Notwithstanding the relative dearth of locally produced evidence about the supposed failures of ITE provision in Aotearoa New Zealand, the professional body for teachers has signalled major changes to the initial teacher education programme accreditation and approval system (Teaching Council New Zealand, 2018). Apparent in the documents foreshadowing change is a sense that we need to centralise control of some aspects of ITE, to improve and streamline it, and to standardise graduate outcomes through the introduction of certain forms of ITE assessment, officially mandated and sanctioned. Our analysis suggests these measures may be seeking to ameliorate the risk of variable/poor quality ITE. Yet, we question whether the policy responses will actually achieve these aims arguing in return that they may actually diminish the quality ITE provision nationwide.
Taking account of the policy measures in light of findings of the WoTE-NZ study and related scholarship, we use this paper to comment on contemporary education policy and practice as a basis for evidence based decision making and planning in the field.
* The Work of Teacher Education-NZ study (Gunn, Berg, Haigh & Hill, 2016) was generously funded by the Teaching and Learning Research Initiative, Grant No: 9142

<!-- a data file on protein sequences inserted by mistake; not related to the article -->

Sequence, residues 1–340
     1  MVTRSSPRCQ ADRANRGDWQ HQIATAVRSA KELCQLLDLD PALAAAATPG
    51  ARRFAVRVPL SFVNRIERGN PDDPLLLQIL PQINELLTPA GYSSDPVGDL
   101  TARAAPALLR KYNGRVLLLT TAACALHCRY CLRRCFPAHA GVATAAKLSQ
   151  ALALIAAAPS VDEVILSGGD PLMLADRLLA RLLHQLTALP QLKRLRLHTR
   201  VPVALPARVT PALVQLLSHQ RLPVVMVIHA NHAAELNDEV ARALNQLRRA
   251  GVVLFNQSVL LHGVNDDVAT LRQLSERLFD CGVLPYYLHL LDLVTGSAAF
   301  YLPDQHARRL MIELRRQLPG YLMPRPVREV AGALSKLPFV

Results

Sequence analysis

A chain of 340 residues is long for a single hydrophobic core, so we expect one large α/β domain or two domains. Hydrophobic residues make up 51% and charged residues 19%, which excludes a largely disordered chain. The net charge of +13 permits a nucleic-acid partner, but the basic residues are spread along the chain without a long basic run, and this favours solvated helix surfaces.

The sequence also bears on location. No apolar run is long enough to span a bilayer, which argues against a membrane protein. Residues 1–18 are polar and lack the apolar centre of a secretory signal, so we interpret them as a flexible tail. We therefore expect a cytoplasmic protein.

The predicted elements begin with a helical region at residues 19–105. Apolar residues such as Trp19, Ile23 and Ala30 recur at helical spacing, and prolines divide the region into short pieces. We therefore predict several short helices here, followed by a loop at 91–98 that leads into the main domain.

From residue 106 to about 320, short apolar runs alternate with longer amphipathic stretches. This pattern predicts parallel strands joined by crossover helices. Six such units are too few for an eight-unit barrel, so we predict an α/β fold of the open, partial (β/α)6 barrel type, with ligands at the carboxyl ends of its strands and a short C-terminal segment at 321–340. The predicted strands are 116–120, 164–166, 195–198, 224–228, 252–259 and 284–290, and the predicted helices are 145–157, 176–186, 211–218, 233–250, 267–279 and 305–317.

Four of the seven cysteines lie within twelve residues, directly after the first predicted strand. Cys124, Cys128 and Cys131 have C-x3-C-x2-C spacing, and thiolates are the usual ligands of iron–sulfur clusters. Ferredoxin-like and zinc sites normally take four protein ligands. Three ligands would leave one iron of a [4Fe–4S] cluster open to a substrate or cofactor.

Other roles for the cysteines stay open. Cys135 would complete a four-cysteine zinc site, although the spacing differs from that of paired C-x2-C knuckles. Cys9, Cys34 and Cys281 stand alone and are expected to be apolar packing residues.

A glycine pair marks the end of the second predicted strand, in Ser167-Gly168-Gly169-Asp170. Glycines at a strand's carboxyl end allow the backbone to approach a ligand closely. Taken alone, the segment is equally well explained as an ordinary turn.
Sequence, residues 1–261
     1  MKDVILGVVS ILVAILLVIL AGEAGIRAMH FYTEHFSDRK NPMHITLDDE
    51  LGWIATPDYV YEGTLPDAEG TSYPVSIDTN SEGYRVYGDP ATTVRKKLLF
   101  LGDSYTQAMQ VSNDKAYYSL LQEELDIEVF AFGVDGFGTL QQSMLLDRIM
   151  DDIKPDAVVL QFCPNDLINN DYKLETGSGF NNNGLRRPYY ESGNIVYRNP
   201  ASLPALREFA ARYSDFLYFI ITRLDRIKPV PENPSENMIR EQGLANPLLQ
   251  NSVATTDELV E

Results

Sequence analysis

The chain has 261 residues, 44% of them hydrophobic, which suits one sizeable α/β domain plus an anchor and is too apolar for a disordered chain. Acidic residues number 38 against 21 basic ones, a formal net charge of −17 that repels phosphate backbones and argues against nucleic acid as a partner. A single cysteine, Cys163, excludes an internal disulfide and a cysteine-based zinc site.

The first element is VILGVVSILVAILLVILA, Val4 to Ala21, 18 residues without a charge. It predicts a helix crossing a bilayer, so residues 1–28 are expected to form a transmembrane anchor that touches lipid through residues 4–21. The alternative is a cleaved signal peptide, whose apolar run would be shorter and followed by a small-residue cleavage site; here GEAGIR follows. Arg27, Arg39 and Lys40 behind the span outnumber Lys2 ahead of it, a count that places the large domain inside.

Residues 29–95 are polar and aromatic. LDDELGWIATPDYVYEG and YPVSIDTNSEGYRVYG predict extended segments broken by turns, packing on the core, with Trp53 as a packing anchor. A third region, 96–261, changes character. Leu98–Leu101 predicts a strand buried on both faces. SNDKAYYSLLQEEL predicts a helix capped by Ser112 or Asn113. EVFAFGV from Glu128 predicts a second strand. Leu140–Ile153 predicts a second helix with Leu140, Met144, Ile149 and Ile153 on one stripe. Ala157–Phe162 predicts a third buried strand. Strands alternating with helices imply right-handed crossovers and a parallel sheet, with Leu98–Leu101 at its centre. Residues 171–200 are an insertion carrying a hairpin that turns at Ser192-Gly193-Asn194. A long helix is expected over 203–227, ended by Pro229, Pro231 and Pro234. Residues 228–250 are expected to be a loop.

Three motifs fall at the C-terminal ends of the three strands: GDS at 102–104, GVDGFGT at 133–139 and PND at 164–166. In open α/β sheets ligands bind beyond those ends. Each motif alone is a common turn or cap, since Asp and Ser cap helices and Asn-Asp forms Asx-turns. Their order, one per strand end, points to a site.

Engaging with teacher policy (Tatto, 2008), interpretive policy analysis (Browned, Coffey, Cook, Meiklehohn & Palermo, 2018), and discourse analysis (Foucault, 1977; Gunn, Forthcoming), we first undertook document analysis of policy documents associated with a stocktake of the teacher education workforce and ITE provision in Aotearoa New Zealand produced between 2010 and 2018. This analysis identified the policy problem this body of work sought to address, the social construction of key players within this (e.g., teacher education and teacher educators), and proposed solutions. Subsequent to this policy analysis, we examined findings from a two-phase, cultural historical activity theory informed exploration of the work of university based teacher education in Aotearoa New Zealand (WoTE-NZ) and considered evidence about teacher education work in relation to the policy discourse. The WoTE-NZ study is part of a network of related work of teacher education (WoTE) projects (Brennan & Zipin, 2016). Launched progressively in England and Scotland, Australia, Aotearoa New Zealand and Canada, the studies set out to examine internationally, the cultural constructions and material realities of university- based initial teacher education, and teacher educators’ (TEs) work. Given the policy discourse of risk associated with poor/variable quality ITE, the WoTE-NZ study and associated scholarship provides us with evidence of successes, issues and challenges being faced within teacher education at the time of the policy development to help explain and comment on the veracity of the policy discourse in relation to evidence of the actual work. The WoTE-NZ study was conducted in accord with ethical standards and obligations consistent with the authors’ institutional and professional standards.